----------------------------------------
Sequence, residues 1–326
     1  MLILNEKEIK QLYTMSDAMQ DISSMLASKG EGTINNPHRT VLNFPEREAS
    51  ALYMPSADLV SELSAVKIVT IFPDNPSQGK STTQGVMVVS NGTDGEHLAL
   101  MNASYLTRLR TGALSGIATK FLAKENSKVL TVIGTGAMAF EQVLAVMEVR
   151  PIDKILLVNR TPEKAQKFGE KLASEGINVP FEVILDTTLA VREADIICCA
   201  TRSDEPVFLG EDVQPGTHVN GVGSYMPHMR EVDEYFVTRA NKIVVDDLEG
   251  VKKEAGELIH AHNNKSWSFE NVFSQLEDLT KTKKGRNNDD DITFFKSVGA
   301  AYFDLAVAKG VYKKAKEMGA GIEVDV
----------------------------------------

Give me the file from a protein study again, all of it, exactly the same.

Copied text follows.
Sequence, residues 1–326
     1  MLILNEKEIK QLYTMSDAMQ DISSMLASKG EGTINNPHRT VLNFPEREAS
    51  ALYMPSADLV SELSAVKIVT IFPDNPSQGK STTQGVMVVS NGTDGEHLAL
   101  MNASYLTRLR TGALSGIATK FLAKENSKVL TVIGTGAMAF EQVLAVMEVR
   151  PIDKILLVNR TPEKAQKFGE KLASEGINVP FEVILDTTLA VREADIICCA
   201  TRSDEPVFLG EDVQPGTHVN GVGSYMPHMR EVDEYFVTRA NKIVVDDLEG
   251  VKKEAGELIH AHNNKSWSFE NVFSQLEDLT KTKKGRNNDD DITFFKSVGA
   301  AYFDLAVAKG VYKKAKEMGA GIEVDV